Some preliminary thoughts I have about our current immigration system:

We are a nation of immigrants.

It is not wrong for our country to enforce immigration laws.

Occasionally I hear that Americans have no right to enforce our immigration laws because we are living on land stolen from Native Americans.  The history of how this country was formed is indeed filled with horrible, bloody tales of murder, pillage, theft and the like.  However, it would be wrong to single out America as if it was the only country guilty of this crime when pretty much the map of the whole world is what it is because of the wars that our ancestors waged and they are set the way that they are because of the treaties we made with one another.

Even among the Native American tribes themselves, they waged war against one another before Europeans came for control of territory.

It is difficult to give out justice for the crimes made by our ancestors, and so I feel it would be much more helpful and productive if we were to just work with the system that we have now.  Treaties and the rule of law help provide moral constraint of our violent instincts, and I would wish we would default to moral diplomacy and conversation as much as possible.

Sometimes I hear we should not respect the rule of law in this case because the law is being used to justify dehumanizing people.

Bear in mind: laws are codified ideas. Behind every law is an idea.

Behind the Fugitive Slave Act is the concept of slavery: humans can be treated as property.

Behind our Immigration laws is the concept of legal and illegal immigrants: we will accept immigrants if they are willing to respect the laws, customs, and process we have in place, although there is room for change to our system if need be.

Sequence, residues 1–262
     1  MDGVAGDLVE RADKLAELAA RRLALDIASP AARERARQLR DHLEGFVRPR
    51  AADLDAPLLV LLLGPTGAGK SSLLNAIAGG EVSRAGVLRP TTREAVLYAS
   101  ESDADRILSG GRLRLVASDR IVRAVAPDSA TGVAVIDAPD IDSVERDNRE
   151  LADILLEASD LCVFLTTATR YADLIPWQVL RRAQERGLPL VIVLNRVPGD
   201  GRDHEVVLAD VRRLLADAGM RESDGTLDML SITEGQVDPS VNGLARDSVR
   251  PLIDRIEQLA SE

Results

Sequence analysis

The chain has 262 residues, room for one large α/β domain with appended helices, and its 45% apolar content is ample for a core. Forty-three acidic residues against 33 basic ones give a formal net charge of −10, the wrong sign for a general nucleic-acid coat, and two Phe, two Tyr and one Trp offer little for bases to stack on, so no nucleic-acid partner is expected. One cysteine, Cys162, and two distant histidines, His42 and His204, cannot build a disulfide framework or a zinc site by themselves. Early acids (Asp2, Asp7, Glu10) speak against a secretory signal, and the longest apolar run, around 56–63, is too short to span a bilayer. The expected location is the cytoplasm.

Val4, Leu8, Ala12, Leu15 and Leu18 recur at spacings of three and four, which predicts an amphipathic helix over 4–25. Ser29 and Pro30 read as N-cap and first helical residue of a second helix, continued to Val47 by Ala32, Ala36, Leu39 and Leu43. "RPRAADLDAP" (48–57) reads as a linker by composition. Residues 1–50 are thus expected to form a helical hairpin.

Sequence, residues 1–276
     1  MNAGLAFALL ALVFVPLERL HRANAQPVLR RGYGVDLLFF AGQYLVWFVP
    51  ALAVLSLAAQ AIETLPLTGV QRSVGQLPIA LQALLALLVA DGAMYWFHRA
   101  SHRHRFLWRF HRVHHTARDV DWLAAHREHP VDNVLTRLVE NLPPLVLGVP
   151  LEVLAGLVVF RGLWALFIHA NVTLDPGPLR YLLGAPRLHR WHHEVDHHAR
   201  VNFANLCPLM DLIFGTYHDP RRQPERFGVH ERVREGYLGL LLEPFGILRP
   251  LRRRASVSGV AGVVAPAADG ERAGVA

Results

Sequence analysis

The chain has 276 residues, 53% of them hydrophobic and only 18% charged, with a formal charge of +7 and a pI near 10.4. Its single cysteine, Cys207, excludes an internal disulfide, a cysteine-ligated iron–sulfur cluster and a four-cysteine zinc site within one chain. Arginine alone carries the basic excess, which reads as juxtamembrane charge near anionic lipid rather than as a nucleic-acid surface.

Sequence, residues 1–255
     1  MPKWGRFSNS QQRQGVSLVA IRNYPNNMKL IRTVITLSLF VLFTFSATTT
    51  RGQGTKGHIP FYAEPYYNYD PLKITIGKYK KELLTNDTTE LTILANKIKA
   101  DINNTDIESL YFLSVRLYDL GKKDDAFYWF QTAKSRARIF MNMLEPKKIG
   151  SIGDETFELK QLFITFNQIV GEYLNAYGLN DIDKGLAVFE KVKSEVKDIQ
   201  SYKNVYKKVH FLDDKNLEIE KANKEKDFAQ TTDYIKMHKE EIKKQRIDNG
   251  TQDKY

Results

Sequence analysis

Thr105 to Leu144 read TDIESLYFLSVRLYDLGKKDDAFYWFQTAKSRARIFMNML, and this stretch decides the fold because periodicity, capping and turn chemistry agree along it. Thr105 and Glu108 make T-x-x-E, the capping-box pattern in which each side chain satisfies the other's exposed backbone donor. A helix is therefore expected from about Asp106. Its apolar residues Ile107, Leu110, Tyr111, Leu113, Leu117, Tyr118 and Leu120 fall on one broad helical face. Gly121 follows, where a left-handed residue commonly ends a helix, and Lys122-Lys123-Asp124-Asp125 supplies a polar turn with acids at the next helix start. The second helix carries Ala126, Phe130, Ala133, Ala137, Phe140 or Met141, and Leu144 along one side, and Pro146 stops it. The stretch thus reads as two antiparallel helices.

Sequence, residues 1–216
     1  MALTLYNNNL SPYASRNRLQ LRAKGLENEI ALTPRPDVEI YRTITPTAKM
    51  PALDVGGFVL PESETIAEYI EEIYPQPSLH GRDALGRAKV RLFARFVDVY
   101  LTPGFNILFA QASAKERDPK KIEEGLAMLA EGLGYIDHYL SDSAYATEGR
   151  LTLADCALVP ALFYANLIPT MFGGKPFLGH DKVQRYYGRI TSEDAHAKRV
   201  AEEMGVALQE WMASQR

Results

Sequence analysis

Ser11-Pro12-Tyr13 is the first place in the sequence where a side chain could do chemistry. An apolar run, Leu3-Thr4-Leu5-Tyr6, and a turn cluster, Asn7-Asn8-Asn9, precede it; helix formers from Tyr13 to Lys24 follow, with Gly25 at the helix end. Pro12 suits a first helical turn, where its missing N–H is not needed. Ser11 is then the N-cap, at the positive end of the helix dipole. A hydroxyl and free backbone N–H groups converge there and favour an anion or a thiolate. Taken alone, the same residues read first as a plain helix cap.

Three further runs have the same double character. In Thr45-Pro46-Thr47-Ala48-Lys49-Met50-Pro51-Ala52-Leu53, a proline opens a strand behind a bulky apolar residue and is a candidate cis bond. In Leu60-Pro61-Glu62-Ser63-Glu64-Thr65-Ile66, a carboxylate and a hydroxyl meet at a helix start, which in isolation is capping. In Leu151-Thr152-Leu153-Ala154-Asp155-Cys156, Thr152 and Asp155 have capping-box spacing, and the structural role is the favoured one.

To say that identifying an individual as an undocumented immigrant is the same moral equivalent of calling someone a slave in terms of dehumanization is just wrong.

Consider our concept of private property.

If a stranger comes to your front door, asking for food, water, and shelter, you have the right to accept or reject the stranger’s claim.  You can get to know the stranger a little better, especially since the person kindly asked at the front door of your house, and you are more likely to welcome them into your house.  As a guest in your house, they are willing to submit to your house rules as you treat them with hospitality.  Ideally this is how legal immigration should operate.

However, illegal/undocumented immigration are those strangers who do not come at the front door of your house, they jump over the fence into your backyard demanding that you give them food, water, and shelter.  This would be extremely discourteous to you the homeowner, and this unwelcome guest would be acting like a thief in the night.

In other words, saying that calling someone an undocumented immigrant is essentially the same as saying that they are unwelcome guests which is a far cry from dehumanizing their human dignity which is what slavery did.

Now of course with our current immigration laws on the books, the status of undocumented immigrants has a lot of grey areas.

Undocumented immigrants can include the following (not a comprehensive list):
-immigrants who have no documents in their possession but still cross the borders into our country
-immigrants who have a tourist visa and overstay their visit in this country (sometimes accidental and sometimes intentional)
-immigrants who are applying for legal immigration but have not obtained news about the outcome of their application

Personally, I am open to immigration reform, there can always be ways to change our immigration laws to make the process more accessible and humane for people seeking to live in our country.   Some examples I have in mind for now: families should be kept together, there should be more courts to handle immigration applications, greater education to potential applicants for the naturalization process, etc.

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